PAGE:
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Impact of plaque characteristics on percutaneous coronary intervention-related microvascular dysfunction: insights from angiographic microvascular resistance and intravascular ultrasound.

BACKGROUND: The correlation between percutaneous coronary intervention (PCI)-related microvascular dysfunction (MVD) and plaque characteristics remains unclear. To investigate this correlation and its prognosis, we assessed changes in MVD by angiographic microvascular resistance (AMR) and intracoronary ultrasound scans after PCI.

METHODS: We conducted a retrospective study that enrolled 250 patients with coronary artery disease between July 2016 and December 2018. We collected demographic characteristics, laboratory tests, coronary angiography (CAG) and intracoronary ultrasound findings. We calculated quantitative flow ratio (QFR) and AMR by CAG. The endpoint was vessel-oriented composite outcomes (VOCOs).

RESULTS: After 47 exclusions, we divided 203 cases into a deteriorated group (n=139) and an improved group (n=64) based on AMR change after PCI. Compared with the improved group, the deteriorated group had smaller lumen area [3.03 (interquartile range, 2.20-3.91) vs . 3.55 mm2 (interquartile range, 2.45-4.57), P=0.033], higher plaque burden [78.92% (interquartile range, 73.95-82.61%) vs . 71.93% (interquartile range, 62.70-77.51%), P<0.001], and higher proportion of lipidic components (13.86%±4.67% vs . 11.78%±4.41%, P=0.024). Of 186 patients who completed 4.81±1.55 years follow-up, 56 developed VOCOs. Receiver-operating characteristic (ROC) curve analysis showed post-PCI AMR and VOCOs correlation (area under the curve: 0.729, P<0.001). Multivariate regression analysis showed post-PCI AMR >285 mmHg·s/m correlated with adverse outcome (hazard ratio =4.350; 95% confidence interval: 1.95-9.703; P<0.001).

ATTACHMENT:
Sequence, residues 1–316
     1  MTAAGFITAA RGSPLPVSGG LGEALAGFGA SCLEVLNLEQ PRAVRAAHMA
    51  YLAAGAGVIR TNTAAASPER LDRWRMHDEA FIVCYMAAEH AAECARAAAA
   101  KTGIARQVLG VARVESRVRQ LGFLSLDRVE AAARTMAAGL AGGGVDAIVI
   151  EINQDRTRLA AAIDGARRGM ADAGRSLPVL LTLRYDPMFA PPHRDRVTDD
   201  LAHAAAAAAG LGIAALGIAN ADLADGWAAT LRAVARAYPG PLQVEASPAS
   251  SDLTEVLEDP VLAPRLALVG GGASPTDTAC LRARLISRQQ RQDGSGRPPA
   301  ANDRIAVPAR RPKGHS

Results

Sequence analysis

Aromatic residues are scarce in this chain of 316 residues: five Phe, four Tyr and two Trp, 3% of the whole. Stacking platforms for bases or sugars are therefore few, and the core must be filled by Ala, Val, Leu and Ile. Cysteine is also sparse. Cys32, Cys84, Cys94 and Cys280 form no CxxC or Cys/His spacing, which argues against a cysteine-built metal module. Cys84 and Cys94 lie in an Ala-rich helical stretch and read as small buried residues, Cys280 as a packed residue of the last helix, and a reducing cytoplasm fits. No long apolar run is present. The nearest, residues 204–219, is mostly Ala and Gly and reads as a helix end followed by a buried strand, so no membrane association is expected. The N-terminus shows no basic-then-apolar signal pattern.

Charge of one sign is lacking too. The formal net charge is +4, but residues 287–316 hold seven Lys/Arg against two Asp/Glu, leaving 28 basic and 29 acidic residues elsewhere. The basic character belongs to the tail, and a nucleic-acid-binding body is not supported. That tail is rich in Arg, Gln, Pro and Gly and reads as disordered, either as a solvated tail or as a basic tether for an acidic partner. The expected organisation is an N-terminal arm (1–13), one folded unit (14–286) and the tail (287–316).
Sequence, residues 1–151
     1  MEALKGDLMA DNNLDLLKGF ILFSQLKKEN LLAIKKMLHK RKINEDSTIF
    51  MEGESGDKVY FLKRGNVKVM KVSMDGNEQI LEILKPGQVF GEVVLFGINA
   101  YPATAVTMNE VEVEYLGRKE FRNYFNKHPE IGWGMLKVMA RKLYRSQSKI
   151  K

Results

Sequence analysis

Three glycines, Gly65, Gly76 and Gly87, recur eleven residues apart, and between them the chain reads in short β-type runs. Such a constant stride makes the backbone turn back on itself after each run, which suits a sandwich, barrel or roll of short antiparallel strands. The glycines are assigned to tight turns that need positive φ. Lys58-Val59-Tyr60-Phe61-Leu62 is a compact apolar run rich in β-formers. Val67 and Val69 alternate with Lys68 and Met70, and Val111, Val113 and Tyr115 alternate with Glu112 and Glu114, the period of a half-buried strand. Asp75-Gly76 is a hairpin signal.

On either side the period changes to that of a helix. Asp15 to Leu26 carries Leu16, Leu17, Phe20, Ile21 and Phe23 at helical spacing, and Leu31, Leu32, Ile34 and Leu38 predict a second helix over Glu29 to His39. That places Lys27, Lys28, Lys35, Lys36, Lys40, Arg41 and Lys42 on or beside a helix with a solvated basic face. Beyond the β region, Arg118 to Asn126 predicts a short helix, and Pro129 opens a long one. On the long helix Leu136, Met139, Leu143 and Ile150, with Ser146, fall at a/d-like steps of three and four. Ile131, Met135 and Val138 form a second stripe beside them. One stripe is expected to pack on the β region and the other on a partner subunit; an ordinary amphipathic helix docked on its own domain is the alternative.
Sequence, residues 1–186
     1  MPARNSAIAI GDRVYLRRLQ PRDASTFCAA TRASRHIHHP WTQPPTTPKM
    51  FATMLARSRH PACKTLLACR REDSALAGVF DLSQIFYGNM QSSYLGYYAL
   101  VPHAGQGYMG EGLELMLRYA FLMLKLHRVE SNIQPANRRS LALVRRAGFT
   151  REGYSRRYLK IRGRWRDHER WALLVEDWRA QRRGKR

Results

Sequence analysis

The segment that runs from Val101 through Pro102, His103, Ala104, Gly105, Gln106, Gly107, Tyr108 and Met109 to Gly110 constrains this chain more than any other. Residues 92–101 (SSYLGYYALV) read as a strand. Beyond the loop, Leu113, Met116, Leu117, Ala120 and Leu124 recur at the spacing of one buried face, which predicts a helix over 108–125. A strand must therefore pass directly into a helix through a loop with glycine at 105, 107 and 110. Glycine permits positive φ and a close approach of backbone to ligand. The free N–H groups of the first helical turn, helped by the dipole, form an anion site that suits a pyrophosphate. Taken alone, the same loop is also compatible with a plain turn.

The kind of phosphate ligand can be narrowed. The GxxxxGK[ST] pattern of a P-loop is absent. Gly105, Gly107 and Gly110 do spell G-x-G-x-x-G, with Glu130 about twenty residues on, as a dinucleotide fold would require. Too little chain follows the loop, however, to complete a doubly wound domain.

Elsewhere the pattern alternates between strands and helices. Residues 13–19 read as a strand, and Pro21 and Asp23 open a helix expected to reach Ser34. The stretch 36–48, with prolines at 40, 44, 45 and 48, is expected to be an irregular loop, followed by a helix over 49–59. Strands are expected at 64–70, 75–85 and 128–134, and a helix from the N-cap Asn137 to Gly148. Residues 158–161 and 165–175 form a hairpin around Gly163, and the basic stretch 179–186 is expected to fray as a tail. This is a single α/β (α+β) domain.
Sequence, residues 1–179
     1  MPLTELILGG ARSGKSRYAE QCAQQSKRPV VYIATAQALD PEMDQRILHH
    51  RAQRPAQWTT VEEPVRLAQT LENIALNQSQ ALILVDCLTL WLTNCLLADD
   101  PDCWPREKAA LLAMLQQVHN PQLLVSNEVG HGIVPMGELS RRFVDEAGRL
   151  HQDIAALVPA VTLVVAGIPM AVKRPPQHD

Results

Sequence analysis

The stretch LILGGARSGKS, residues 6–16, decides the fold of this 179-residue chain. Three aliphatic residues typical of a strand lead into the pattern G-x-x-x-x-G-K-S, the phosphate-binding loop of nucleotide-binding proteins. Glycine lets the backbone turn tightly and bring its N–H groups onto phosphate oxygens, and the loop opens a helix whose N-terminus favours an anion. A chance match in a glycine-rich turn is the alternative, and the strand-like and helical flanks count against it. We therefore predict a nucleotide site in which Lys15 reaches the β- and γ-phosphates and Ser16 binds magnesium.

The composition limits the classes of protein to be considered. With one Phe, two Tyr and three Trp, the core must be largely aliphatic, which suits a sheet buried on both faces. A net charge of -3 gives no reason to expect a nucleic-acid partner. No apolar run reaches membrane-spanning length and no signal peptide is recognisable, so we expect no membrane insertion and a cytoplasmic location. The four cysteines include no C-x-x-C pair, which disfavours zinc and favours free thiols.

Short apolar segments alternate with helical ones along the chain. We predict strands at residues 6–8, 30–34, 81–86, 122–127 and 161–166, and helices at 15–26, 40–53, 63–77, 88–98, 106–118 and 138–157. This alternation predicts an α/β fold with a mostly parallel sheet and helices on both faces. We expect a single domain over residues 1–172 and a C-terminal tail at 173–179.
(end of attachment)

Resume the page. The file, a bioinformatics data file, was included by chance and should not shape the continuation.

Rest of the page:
CONCLUSIONS: Intravascular ultrasound (IVUS) imaging and AMR revealed an association of post-PCI MVD with a smaller lumen area, more severe plaque burden, and a higher percentage of lipidic components. Post-PCI MVD was an independent risk factor for poor prognosis.

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